“The War in the Shadows: Challenges of Fighting Terrorism in Xinjiang” (China Global Television Network, 2021)
Part of a series of documentaries produced by China Global Television Network on the history and nature of terrorism in the Xinjiang Uygur Autonomous Region in western China, this exposé examines the ways in which people, usually children, teenagers and young adults, are exposed to and radicalised by extremist religious networks linked to the East Turkistan Islamic Movement (ETIM) / Islamic Party of Turkistan which preaches a fundamentalist Wahhabi ideology and urges young people to wage “jihad” against Xinjiang authorities with the aim of overthrowing the government in that region and establishing an independent East Turkistan based on a strict interpretation of Shari’a law. The documentary is structured in four parts: the first part “The Networks” outlines how various terrorist incidents that have occurred in Urumqi, the capital of Xinjiang, over several years are linked as they have been carried out by people adhering to the same ideology and who are part of the same underground networks; the second part “Enemies Within” looks at how individuals affiliated with the ETIM infiltrated Xinjiang’s police and security forces; the third part “The Textbooks” examines how the ETIM infiltrated school textbook publishing in both the Uygur and Mandarin languages; and the fourth part “The Black Hands” details how the ETIM attracts young people’s attention through social media and websites.
Based on interviews with senior police, education officials and former jihadist fighters (some of whom have come to regret their radicalisation and involvement with terrorist groups), the documentary provides much detail into the sophisticated methods used by the ETIM and affiliated groups to manipulate youngsters’ thinking and lure them into their ranks to carry out bomb attacks or to travel overseas to train and fight as jihadis with ISIS, with the aim of returning to Xinjiang and fighting the authorities there. At times the documentary goes very deep into particular business and other schemes cooked up by individuals seeking power or influence over others and which initially appear not to have much relation to the overall themes and messages of how the authorities found and eliminated, or are still eliminating, separatist jihadi infiltration and influence.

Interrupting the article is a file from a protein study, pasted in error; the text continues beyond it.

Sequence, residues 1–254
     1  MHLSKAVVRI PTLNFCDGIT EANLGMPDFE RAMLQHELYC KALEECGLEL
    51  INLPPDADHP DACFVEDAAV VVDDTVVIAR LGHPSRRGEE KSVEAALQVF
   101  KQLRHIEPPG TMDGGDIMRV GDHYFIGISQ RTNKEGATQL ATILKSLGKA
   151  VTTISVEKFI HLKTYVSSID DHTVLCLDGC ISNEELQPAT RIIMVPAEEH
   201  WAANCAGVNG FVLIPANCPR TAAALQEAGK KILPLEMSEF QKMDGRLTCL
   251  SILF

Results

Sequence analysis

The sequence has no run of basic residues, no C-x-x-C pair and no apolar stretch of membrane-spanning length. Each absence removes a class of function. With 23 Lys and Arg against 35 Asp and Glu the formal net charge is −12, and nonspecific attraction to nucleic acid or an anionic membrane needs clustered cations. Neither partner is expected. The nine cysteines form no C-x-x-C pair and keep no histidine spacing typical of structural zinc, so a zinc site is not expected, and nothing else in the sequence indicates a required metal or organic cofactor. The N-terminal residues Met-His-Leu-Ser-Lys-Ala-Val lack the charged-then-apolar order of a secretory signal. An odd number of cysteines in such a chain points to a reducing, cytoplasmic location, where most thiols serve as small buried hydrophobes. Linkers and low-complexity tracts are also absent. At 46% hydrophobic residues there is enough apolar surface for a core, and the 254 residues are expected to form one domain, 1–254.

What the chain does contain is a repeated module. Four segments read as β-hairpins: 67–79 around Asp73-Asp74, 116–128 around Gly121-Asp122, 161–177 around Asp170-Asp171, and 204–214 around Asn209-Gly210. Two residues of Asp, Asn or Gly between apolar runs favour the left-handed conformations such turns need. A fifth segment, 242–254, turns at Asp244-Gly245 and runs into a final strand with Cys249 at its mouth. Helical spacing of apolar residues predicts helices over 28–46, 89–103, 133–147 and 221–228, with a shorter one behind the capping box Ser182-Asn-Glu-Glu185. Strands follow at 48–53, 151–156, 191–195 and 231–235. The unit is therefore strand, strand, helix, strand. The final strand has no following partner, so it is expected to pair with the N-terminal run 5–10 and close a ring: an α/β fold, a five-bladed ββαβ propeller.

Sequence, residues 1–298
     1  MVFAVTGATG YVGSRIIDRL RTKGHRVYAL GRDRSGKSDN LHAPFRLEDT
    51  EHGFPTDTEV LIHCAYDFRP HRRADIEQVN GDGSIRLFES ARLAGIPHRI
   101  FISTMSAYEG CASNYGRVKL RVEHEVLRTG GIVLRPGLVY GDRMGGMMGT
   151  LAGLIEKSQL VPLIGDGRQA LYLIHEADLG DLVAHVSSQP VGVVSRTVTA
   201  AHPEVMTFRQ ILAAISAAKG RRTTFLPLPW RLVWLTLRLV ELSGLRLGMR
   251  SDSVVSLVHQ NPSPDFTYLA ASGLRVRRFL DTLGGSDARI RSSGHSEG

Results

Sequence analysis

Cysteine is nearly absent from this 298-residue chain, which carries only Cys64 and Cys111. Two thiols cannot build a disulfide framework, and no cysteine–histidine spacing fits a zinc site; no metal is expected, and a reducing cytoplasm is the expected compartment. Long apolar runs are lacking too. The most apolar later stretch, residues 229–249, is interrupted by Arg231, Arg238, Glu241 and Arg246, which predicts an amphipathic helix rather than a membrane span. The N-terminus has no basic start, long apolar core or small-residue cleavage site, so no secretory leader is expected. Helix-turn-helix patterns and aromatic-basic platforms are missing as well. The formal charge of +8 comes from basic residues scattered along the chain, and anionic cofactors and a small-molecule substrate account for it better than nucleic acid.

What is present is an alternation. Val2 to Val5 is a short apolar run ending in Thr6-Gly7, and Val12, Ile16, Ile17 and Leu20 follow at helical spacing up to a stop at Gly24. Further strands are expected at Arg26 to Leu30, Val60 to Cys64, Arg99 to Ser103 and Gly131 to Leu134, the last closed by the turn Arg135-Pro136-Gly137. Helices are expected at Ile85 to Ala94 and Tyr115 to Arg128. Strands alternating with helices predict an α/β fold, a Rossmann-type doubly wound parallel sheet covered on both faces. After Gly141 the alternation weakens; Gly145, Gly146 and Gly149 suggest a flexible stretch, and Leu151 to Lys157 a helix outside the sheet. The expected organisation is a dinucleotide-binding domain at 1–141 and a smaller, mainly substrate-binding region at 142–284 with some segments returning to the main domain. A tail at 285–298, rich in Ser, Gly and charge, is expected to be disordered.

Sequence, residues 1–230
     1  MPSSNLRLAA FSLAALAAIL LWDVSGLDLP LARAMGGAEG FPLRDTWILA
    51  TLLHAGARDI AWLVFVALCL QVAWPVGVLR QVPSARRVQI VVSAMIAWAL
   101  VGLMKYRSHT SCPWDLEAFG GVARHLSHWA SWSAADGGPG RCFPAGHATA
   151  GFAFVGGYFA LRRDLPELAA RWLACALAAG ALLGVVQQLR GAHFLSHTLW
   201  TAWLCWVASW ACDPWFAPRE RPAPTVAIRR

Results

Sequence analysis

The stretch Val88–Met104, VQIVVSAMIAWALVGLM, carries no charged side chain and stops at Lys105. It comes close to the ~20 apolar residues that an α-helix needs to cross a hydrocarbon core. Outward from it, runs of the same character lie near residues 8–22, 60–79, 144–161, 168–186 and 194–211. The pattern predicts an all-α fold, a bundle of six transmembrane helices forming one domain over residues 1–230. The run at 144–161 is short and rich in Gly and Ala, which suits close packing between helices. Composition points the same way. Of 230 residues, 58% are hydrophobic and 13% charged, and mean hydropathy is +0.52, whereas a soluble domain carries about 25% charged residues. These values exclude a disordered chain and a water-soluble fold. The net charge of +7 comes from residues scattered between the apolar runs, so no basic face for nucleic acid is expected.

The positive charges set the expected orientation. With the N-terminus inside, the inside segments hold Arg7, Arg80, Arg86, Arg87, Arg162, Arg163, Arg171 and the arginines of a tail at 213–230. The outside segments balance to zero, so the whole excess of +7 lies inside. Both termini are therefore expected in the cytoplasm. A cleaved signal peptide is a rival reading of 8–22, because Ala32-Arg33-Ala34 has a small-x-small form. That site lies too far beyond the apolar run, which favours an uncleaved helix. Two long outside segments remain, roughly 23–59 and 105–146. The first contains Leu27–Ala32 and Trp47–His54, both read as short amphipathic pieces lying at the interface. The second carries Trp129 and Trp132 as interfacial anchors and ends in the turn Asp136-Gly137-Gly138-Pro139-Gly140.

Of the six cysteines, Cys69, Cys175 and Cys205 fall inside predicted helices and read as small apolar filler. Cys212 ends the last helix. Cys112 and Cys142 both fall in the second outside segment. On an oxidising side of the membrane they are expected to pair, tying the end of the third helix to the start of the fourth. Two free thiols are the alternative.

Astute viewers cannot fail to notice that the people fighting ETIM infiltration and influence themselves are Uygurs loyal to Beijing, and that they believe very strongly in using reconciliation and trust to reconnect lost young souls with society through psychological counselling and other methods in a prison setting. One may presume that prisons are also providing young people with education and work skills. By emphasising what the authorities are doing to combat religious extremism, separatism and the brainwashing of young people, and how they are bringing former jihadis back into society, the documentary ends with a positive (if a bit sappy) outlook.
The documentary says very little about ETIM itself, how large the organisation may be and where and how it formed. Viewers wanting to know the history of the organisation, how global it may be and where it gets its funding and other resources, are directed to read F William Engdahl’s article “The Truth behind China’s ‘Uyghur Problem'” at this link, and this report posted online by The Grayzone Project exposing the ETIM’s links to Al Qaeda and the National Endowment for Democracy in Washington DC, no less.